Germán Rodríguez
Survival Analysis Princeton University

Pop 509 Syllabus

Week 1 (February 1,3): Parametric Survival Models

The hazard and survival functions in continuous time. Parametric forms and the distribution of log time. The exponential, Weibull, Gompertz, Gamma, Generalized Gamma, Coale-McNeil, and generalized F distributions. The U.S. life table.

Approaches to modelling the effects of covariates. Parametric families. Proportional hazards models (PH). Accelerated failure time models (AFT). The intersection of PH and AFT. Proportional odds models (PO). The intersection of PO and AFT. Recidivism in the U.S.

Week 2 (February 8, 10): Non-Parametric Survival Models

One-sample estimation with censored data. The Kaplan-Meier estimator. Greenwood's formula. The Nelson-Aalen estimator. Expectation of life. Comparison of several groups: Mantel-Haenszel and the log-rank test.

Regression: Cox's model and partial likelihood. The score and information. The problem of ties. Tests of hypotheses. Time-varying covariates. Estimating the baseline survival. Martingale residuals.

Week 3 (February 15, 17): Models for Discrete Data and Extensions

Cox's discrete logistic model and logistic regression. Modeling grouped continuous data and the complementary log-log transformation. Piece-wise constant hazards and Poisson regression.

Current status data versus retrospective data. Open intervals and time since last event. Backward recurrence times. Interval censoring.

Week 4 (February 22, 24): Competing Risks

Modeling multiple causes of failure. Research questions of interest. Cause-specific hazards. Overall survival. Cause-specific densities. Estimation: one-sample and the generalized Kaplan-Meier and Nelson-Aalen estimators. The Incidence function.

Regression models. Weibull regression. Cox regression and the partial likelihood. Piece-wise exponential survival and multinomial logits. The identification problem. Multivariate and marginal survival. The Fine-Gray model.

Week 5 (February 29, March 2): Unobserved Heterogenity

Heterogeneity of frailty. Frailty distributions: gamma and inverse Gaussian. Subject-specific and population-average models. Heterogeneity's ruses.

Non-parametric estimation of the mixing distribution. Relaxing assumptions about the hazard. The identification problem. Heterogeneity and time-dependence.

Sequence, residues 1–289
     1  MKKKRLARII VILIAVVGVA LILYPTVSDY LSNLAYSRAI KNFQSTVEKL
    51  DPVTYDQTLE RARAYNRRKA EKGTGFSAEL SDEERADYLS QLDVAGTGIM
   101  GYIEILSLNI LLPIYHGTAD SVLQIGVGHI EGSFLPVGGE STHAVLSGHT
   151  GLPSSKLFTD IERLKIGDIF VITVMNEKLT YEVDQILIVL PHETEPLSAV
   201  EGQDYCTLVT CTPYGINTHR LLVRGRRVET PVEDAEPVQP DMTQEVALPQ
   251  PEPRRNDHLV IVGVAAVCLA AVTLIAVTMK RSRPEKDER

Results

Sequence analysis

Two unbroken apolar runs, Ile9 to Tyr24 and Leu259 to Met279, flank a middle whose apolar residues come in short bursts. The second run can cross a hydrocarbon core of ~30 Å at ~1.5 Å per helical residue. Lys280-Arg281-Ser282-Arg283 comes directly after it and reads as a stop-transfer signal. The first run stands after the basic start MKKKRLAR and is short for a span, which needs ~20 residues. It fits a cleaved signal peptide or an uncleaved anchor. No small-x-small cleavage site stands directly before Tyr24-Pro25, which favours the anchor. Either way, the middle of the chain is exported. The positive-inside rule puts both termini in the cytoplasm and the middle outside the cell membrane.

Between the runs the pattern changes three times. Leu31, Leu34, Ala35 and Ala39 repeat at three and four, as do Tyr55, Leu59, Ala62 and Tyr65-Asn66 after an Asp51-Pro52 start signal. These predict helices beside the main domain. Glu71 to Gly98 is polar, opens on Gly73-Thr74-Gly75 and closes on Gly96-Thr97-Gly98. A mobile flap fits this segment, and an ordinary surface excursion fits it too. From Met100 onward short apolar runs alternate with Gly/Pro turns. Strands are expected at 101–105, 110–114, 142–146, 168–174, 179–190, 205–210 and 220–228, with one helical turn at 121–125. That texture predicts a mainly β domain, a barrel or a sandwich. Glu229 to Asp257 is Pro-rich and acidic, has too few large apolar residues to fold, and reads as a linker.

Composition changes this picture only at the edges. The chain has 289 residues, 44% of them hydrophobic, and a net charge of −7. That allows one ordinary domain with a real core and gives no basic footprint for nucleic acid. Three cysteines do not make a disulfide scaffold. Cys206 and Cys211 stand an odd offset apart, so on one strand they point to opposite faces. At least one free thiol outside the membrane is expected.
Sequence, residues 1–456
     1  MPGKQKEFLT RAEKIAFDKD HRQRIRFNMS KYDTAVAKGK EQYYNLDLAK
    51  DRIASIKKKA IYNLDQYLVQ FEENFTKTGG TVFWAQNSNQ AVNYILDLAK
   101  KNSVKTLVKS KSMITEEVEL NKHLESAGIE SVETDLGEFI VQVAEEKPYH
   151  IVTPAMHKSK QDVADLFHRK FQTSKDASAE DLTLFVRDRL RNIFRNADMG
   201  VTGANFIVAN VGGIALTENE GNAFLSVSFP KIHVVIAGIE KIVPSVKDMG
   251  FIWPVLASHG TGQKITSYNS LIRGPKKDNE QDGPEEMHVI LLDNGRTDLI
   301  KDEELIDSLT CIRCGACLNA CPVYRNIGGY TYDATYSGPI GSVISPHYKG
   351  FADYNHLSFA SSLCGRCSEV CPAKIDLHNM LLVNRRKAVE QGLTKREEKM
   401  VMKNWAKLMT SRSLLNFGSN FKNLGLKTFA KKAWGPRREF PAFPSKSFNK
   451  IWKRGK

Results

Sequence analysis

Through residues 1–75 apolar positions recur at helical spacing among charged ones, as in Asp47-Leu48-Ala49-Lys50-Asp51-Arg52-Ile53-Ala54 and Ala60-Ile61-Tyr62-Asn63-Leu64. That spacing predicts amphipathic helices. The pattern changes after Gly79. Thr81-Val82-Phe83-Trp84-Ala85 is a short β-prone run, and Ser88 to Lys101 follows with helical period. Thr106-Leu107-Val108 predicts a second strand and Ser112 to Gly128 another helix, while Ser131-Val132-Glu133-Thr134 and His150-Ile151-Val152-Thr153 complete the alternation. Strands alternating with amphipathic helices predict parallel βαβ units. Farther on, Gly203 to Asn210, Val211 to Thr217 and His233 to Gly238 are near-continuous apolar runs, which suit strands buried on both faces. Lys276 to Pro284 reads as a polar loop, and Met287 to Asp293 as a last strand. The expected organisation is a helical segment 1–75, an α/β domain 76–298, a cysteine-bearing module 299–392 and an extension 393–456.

Week 6 (March 7, 9): Multivariate Survival

Kindred lifetimes and shared frailty. Models for husbands and wives. Sibling survival.

Event-history models. The choice of time scale. Testing goodness of fit.


These are a few useful texts on survival analysis. The stars indicate the two texts that come closest to our coverage.

Andersen, P.K; O. Borgan, R. Gill, N. Keiding (1991). Statistical Models Based on Counting Processes. New York: Springer-Verlag.

Blossfeld, H-P; K. Golsch, G. Rohwer (2007). Event History Analysis with Stata. New Jersey: Lawrence Erlbaum Associates.

Box-Steffensmeier, J. and B. S. Jones (2004). Event History Modeling: A Guide for Social Scientists. Cambridge, England: Cambridge University Press.

*Cleves, M.; W. G. Gould, R. G. Gutierrez and J. Marchenko (2010). An Introduction to Survival Analysis Using Stata. Third Edition. College Station, Texas: Stata Press. (First Edition 2002, Revised edition 2004, Second Edition 2008).

Cox, D. and D. Oakes (1984). Analysis of Survival Data. London: Chapman-Hall.

*Kalbfleisch J. D and R. L. Prentice (2002). The Statistical Analysis of Failure Time Data. Second Edition. New York: John Wiley. (First Edition 1980).

Royston, P. and P. C. Lambert (2011). Flexible Parametric Survival Analysis Using Stata: Beyond the Cox Model. College Station, Texas: Stata Press.

Singer, J.D and J. B. Willett (2003) Applied Longitudinal Data Analysis: Modeling Change and Event Occurrence. Oxford, England: Oxford University Press.

Therneau, T. M. and P. M. Grambsch (2000). Modeling Survival Data: Extending the Cox Model. New York: Springer.